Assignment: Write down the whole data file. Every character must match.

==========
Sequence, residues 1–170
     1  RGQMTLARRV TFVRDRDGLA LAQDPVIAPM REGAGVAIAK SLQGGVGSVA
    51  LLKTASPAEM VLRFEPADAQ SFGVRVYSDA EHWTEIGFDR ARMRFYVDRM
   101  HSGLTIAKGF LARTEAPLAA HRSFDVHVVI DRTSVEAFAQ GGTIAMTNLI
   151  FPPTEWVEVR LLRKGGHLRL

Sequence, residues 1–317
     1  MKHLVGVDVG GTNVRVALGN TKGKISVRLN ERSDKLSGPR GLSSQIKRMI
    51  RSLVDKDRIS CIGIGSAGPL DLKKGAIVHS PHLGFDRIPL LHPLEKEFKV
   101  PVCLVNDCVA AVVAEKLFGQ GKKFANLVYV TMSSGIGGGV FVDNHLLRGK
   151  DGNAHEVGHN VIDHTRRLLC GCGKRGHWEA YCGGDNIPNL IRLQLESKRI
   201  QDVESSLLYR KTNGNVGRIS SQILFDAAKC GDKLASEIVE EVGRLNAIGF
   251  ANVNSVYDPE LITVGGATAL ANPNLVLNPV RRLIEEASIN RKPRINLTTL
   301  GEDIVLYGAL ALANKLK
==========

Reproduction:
Sequence, residues 1–170
     1  RGQMTLARRV TFVRDRDGLA LAQDPVIAPM REGAGVAIAK SLQGGVGSVA
    51  LLKTASPAEM VLRFEPADAQ SFGVRVYSDA EHWTEIGFDR ARMRFYVDRM
   101  HSGLTIAKGF LARTEAPLAA HRSFDVHVVI DRTSVEAFAQ GGTIAMTNLI
   151  FPPTEWVEVR LLRKGGHLRL

Sequence, residues 1–317
     1  MKHLVGVDVG GTNVRVALGN TKGKISVRLN ERSDKLSGPR GLSSQIKRMI
    51  RSLVDKDRIS CIGIGSAGPL DLKKGAIVHS PHLGFDRIPL LHPLEKEFKV
   101  PVCLVNDCVA AVVAEKLFGQ GKKFANLVYV TMSSGIGGGV FVDNHLLRGK
   151  DGNAHEVGHN VIDHTRRLLC GCGKRGHWEA YCGGDNIPNL IRLQLESKRI
   201  QDVESSLLYR KTNGNVGRIS SQILFDAAKC GDKLASEIVE EVGRLNAIGF
   251  ANVNSVYDPE LITVGGATAL ANPNLVLNPV RRLIEEASIN RKPRINLTTL
   301  GEDIVLYGAL ALANKLK